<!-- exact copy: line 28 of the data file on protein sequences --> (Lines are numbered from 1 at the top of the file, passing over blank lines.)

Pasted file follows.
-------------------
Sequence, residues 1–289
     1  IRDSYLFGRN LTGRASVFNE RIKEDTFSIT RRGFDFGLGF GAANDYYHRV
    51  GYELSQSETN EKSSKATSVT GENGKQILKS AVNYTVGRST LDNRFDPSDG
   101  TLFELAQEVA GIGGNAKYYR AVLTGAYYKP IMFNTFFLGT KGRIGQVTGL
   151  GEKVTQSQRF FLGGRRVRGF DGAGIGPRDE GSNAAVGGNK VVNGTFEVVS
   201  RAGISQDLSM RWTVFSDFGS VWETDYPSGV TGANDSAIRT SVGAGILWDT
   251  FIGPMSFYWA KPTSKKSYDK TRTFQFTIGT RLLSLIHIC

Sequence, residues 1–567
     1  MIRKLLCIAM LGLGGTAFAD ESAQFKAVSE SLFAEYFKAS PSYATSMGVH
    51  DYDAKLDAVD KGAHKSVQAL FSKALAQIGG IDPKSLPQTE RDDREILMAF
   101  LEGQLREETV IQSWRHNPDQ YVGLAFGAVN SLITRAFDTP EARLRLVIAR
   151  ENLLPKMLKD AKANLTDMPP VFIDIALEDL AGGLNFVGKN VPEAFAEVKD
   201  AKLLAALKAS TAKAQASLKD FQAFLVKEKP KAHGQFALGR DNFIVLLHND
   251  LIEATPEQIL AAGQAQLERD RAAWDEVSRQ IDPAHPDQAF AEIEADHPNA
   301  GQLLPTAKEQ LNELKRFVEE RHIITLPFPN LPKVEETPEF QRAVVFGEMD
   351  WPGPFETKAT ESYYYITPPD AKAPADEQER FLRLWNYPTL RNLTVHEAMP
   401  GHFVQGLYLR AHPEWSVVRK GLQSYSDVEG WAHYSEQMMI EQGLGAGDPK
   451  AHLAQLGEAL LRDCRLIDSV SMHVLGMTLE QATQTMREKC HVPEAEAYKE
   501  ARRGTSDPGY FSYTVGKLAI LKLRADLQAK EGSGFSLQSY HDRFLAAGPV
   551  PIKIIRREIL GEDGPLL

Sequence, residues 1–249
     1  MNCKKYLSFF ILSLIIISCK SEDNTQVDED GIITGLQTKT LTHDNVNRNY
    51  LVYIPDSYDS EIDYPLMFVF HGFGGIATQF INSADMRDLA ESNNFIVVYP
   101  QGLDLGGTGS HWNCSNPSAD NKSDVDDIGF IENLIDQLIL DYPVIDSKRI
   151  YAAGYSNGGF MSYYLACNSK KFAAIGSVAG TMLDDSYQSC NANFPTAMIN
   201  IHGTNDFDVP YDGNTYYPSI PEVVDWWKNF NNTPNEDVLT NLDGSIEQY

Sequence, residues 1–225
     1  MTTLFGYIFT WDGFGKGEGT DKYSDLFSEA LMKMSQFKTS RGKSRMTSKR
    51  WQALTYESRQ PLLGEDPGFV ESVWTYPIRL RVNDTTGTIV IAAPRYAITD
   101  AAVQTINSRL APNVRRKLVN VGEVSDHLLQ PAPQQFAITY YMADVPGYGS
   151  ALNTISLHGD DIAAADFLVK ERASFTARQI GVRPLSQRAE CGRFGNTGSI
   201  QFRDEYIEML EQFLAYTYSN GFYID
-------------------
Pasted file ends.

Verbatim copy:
     1  MTTLFGYIFT WDGFGKGEGT DKYSDLFSEA LMKMSQFKTS RGKSRMTSKR